Keeping It Under Wraps. Data Protection for Biographers

E. Mark Windle 17 August 2022

As biographers, we are in a privileged position. Rarely do individuals expose their life story, or at least a significant chunk of it, in such detail to another party outside of their immediate family and social circle, perhaps other than in counselling (or to their confessor). Clients welcome us into their lives over several interview sessions to share recollections of positive or traumatic life events, hopes and fears, achievements and failings, lessons learned through their experience and their advice for the younger generation or for those yet to come. A huge amount of personal information is imparted in this collaboration, and the writer’s moral and legal obligation is to assure the storyteller it will be kept discretely.

Data protection may not be a topic always at the forefront of non-fiction creative minds, but it should be. The legal consequences of leaked personal information can be catastrophic, and the damage to the writer’s professional reputation irreparable. Financial implications can also be long lasting. The Information Commissioner’s Office—the UK’s data processing watchdog and regulator—has the power to deliver penalties of up to £17.5M for failure to maintain personal information safely, or to report and manage data leaks when they have occurred.

Most countries have some form of legal framework surrounding the core philosophy that individuals have an undisputed right to privacy and control over how their personal information is used. In the UK we have the Data Protection Act 2018, which underpins further legislation for data processing provided by the ICO in the form of the UK General Data Protection Regulation (UK GDPR is essentially a subtle adaptation of pre-Brexit EU regulations).

Combined, the Data Protection Act and UK GDPR highlight a number of fundamental responsibilities for anyone holding third party personal information:

  • Information must be used lawfully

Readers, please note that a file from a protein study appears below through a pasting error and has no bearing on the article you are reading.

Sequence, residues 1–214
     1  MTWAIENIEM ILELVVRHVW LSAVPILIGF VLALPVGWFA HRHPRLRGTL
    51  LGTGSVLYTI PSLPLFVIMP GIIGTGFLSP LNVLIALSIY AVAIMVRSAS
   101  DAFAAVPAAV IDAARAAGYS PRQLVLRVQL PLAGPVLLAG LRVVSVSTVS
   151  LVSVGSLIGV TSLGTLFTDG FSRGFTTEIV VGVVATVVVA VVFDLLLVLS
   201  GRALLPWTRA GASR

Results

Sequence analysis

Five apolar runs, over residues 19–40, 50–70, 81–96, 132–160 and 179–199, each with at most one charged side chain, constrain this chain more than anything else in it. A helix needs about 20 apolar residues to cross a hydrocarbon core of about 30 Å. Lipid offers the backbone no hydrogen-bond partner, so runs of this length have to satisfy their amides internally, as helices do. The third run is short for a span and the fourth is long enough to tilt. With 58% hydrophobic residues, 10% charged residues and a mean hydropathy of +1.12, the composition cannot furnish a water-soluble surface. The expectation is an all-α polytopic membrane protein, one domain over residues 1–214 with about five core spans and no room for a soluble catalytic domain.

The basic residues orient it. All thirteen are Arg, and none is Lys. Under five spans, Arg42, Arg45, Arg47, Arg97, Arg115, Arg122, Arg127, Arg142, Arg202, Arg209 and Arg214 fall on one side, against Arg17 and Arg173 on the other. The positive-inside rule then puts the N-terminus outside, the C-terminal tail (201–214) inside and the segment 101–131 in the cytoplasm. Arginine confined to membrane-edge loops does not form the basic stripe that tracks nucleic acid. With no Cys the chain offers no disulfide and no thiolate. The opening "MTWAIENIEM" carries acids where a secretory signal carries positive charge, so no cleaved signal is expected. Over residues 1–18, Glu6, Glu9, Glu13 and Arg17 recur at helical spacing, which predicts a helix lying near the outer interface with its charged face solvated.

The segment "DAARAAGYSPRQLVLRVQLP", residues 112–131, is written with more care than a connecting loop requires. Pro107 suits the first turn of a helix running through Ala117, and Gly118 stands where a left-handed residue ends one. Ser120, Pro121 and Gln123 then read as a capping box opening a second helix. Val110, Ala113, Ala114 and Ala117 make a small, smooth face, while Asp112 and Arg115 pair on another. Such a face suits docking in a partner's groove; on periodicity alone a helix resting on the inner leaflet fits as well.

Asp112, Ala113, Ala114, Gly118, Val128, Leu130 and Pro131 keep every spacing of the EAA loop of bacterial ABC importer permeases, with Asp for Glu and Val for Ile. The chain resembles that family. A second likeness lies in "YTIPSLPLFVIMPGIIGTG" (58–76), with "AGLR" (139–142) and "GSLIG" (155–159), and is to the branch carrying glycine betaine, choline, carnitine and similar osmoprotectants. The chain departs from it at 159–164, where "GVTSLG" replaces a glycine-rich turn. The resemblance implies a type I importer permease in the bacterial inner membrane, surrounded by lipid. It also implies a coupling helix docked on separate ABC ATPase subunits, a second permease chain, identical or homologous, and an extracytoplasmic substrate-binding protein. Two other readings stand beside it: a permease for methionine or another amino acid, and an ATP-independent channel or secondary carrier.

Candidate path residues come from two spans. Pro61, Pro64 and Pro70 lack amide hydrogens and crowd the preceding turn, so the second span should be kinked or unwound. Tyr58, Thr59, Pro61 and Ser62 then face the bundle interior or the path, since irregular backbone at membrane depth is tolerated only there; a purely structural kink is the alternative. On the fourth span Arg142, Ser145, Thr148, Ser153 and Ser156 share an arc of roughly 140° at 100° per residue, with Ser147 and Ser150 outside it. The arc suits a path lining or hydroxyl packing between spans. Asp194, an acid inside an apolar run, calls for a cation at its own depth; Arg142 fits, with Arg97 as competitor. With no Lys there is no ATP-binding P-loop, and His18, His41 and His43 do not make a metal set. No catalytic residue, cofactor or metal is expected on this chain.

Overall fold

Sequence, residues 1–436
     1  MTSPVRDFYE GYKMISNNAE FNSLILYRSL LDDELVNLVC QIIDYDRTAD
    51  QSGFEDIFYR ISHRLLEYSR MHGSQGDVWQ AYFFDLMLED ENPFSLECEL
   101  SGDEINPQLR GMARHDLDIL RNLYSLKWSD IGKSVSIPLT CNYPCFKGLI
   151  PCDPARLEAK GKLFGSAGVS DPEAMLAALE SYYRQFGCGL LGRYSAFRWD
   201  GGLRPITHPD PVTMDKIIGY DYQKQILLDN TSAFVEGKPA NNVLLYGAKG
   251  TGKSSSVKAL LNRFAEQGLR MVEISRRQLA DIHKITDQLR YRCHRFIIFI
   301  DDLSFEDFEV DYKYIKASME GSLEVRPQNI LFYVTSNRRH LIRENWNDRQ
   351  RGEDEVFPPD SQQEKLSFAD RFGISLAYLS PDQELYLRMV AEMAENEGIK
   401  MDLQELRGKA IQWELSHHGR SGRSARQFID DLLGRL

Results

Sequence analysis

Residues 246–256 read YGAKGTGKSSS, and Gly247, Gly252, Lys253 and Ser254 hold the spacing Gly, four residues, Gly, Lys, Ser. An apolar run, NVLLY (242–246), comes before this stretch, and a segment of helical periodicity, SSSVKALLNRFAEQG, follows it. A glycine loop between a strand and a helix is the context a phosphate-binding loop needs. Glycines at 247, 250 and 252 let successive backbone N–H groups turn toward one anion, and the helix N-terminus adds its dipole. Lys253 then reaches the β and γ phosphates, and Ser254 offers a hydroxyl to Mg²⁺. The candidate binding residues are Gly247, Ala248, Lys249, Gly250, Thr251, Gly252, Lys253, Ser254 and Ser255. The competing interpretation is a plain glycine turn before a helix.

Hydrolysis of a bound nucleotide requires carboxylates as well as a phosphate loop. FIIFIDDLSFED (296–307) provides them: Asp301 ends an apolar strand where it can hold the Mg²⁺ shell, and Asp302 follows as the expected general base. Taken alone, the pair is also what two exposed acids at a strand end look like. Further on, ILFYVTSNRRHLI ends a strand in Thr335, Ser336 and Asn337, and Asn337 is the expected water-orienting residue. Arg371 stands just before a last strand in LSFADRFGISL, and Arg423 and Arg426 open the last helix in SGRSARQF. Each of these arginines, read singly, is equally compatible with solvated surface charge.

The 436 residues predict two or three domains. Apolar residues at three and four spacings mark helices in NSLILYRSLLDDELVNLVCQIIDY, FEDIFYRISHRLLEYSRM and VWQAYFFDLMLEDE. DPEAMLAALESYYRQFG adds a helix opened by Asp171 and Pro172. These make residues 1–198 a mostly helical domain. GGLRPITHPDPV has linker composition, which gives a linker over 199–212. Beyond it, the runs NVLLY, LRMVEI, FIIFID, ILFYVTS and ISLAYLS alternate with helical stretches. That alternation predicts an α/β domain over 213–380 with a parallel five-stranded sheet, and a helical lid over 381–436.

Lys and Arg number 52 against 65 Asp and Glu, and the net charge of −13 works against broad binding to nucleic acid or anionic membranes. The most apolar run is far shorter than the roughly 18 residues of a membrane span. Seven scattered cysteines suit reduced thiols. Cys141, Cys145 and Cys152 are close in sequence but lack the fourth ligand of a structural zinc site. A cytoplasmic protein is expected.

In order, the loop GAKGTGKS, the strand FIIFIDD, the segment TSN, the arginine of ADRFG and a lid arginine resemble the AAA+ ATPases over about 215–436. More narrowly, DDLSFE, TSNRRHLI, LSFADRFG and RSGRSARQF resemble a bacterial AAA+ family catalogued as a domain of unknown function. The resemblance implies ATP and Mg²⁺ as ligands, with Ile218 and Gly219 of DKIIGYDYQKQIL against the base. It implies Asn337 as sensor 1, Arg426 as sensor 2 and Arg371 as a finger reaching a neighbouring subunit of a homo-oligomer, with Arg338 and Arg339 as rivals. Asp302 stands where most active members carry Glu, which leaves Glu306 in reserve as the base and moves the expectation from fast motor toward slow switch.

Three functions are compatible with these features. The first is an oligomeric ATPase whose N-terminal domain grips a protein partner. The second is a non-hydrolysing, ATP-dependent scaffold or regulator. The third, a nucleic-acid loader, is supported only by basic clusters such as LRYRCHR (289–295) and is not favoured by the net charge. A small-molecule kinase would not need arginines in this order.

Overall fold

• Its purpose must be limited (only collect the type data required for the reason made clear to the client; data must not be recycled for any undisclosed use)
  • Data collection must be minimised—only collect the quantity of data required for the purpose intended
  • Data kept must be accurate and up to date
  • Storage of data must be limited (kept only for as long as necessary)
  • Integrity and confidentiality must be maintained (ensure data is stored securely)

So what exactly is personal data? The ICO definition is “any information that relates to an identified or identifiable individual”. Immediately, we think of a name, maybe a national insurance or social security number, an email address or bank account details. For any business or sole trader, the ICO demands a demonstration of accountability through the implementation of risk assessment, privacy statements, and contingency plans in the event of data breaches. Self-employed writers who directly process personal information, such as that required to obtain client payment or for communication purposes, will fall under this category and should be registered annually with the ICO to formally declare compliance to UK GDPR. Fully contracted employees of biography service providers (as opposed to freelancers) may be less likely to require registration, but a wise move is for all writers to consult ICO criteria for mandatory registration and risk assessment if they feel unsure about the legal implications of how they handle data.

At the end of the day, whether or not you are a data processor in the eyes of the ICO, everyone is bound by general principles of data protection under the Act, and there are other forms of personal information that require protection, including some unique to our profession. Assuming the biographer has done their job well, a relationship of trust evolves over a series of one-to-one sessions and peripheral research. As the client opens up, the inquiry elicits storytelling riddled with all sorts of nuggets: times, places, dates, names, events and relationships. This information may relate directly to the storyteller, or to friends and family, or other third parties including businesses and institutions. All of this is privileged information. In certain hands, it’s pretty hard to think of more potentially person-identifiable material than a detailed recording, transcription or written draft of a client’s life story.